Greetings from the Ether,
With the release of Hinnom Magazine Issue 007, we wanted to take a moment to spotlight some of the authors involved in the project. Adam Bolivar’s dark poem “Hexana” is a beautifully crafted, disturbing work. Join us as we dive into the making of the piece, and what the future has in store for the author.
CP: Can you tell us a little bit about yourself? How you came to write dark poetry?
AB: Like Randolph Carter, I was born and bred in gambrel-roofed Boston, Massachusetts, but now reside in the gloomy green dreamlands of Portland, Oregon. I’ve been writing for as long as I can remember. At the age of ten, I typed a twenty-seven page biography of my cat Wimpus, which I titled “The Decline and Fall of the Wimpian Empire.” As a teenager, I wrote over thirty Doctor Who radio plays, which my friends and I recorded, complete with sound effects and opening theme sting. In my twenties and thirties, I wrote nine marionette plays which were produced and staged by puppet troupes in Boston, Berkeley and Portland. I have written and published a host of short stories and novels (the novels are as yet unpublished). In my twenties, I experimented with writing eddas in the style of the Icelandic skalds, but it was only in my forties that I stumbled upon the idea of reforging my eddas into ballads, a form more suited to the English ear. My first ballad was published in the very first Spectral Realms, a fabulous poetry journal put out by Hippocampus Press that is still going strong.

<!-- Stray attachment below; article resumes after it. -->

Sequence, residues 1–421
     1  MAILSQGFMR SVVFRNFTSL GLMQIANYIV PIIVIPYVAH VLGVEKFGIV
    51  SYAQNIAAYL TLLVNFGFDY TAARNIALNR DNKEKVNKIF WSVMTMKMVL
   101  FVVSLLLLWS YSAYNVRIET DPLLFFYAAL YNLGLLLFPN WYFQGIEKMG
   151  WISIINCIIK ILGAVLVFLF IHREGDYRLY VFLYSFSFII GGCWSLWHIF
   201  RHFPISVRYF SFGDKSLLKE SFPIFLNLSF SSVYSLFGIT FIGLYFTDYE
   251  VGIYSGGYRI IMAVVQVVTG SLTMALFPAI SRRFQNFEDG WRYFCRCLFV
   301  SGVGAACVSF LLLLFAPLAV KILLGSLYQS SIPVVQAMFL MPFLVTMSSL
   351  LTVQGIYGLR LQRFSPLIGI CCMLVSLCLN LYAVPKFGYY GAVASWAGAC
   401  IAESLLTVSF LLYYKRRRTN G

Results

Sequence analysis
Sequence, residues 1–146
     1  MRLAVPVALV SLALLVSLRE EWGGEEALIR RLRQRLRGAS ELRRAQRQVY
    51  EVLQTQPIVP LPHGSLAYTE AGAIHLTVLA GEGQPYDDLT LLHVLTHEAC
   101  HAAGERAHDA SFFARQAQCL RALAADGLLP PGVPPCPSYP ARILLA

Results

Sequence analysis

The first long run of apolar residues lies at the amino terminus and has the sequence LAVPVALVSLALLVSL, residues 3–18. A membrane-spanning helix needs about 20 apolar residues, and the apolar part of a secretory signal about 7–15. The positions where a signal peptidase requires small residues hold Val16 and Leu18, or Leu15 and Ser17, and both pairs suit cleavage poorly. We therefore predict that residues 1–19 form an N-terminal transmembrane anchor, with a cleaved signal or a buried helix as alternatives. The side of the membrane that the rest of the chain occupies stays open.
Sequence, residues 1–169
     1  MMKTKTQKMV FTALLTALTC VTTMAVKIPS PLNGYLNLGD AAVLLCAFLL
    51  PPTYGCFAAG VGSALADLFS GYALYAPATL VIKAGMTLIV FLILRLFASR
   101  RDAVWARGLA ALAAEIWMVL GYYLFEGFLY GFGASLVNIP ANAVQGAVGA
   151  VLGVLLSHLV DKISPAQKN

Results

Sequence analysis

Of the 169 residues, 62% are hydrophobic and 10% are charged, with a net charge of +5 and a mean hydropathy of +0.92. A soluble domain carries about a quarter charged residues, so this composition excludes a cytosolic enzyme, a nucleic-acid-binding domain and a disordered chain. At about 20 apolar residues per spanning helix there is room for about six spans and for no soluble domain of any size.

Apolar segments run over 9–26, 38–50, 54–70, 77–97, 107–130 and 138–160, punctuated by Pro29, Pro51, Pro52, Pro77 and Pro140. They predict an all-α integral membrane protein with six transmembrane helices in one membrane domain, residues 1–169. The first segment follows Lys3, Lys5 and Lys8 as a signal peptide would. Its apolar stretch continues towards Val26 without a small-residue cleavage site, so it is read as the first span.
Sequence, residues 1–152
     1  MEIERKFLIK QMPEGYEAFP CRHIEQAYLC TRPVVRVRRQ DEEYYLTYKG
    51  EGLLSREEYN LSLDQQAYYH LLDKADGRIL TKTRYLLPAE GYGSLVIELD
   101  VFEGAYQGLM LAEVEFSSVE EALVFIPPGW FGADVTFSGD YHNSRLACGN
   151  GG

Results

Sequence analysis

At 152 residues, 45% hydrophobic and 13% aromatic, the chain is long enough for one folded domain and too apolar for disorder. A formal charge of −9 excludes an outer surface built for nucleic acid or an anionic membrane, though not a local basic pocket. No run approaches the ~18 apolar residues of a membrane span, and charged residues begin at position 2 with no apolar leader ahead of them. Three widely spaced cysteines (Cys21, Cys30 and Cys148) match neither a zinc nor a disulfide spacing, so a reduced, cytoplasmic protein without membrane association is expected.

CP: “Hexana” is an eerie, beautiful dark poem. Can you tell us how it came to fruition? What inspired the piece?
AB: There’s a backstory to “Hexana,” to be sure. My friend and fellow poet Ashley Dioses asked me to compose a tribute poem for her collection Diary of a Sorceress, and “Hexana” was what I came up with. She liked the poem, but Hexana is thwarted and slain in the end—not a direction Ashley felt suited her collection (a strong editorial decision on her part, I must say). I ended up writing another poem to take its place. Nevertheless, I felt “Hexana” was a worthy piece that needed a good home. I’m glad it’s found one.
CP: Your poems have appeared in some great publications, and you’ve had collections of your own released by publishers such as Hippocampus Press. Where exactly do you hope your writing takes you? What goals do you hope to achieve?
AB: That’s a difficult question. I’ve always written because I have an overwhelming vision of things I want to write, not because I have a grand scheme for them. I certainly enjoy the attention I receive for my efforts and the money I am sometimes paid, but that’s not why I do it. As I said, I’ve always written and I always will. It’s as simple as that.
CP: Do you have any other projects you’re working on? What does the future hold for Adam Bolivar?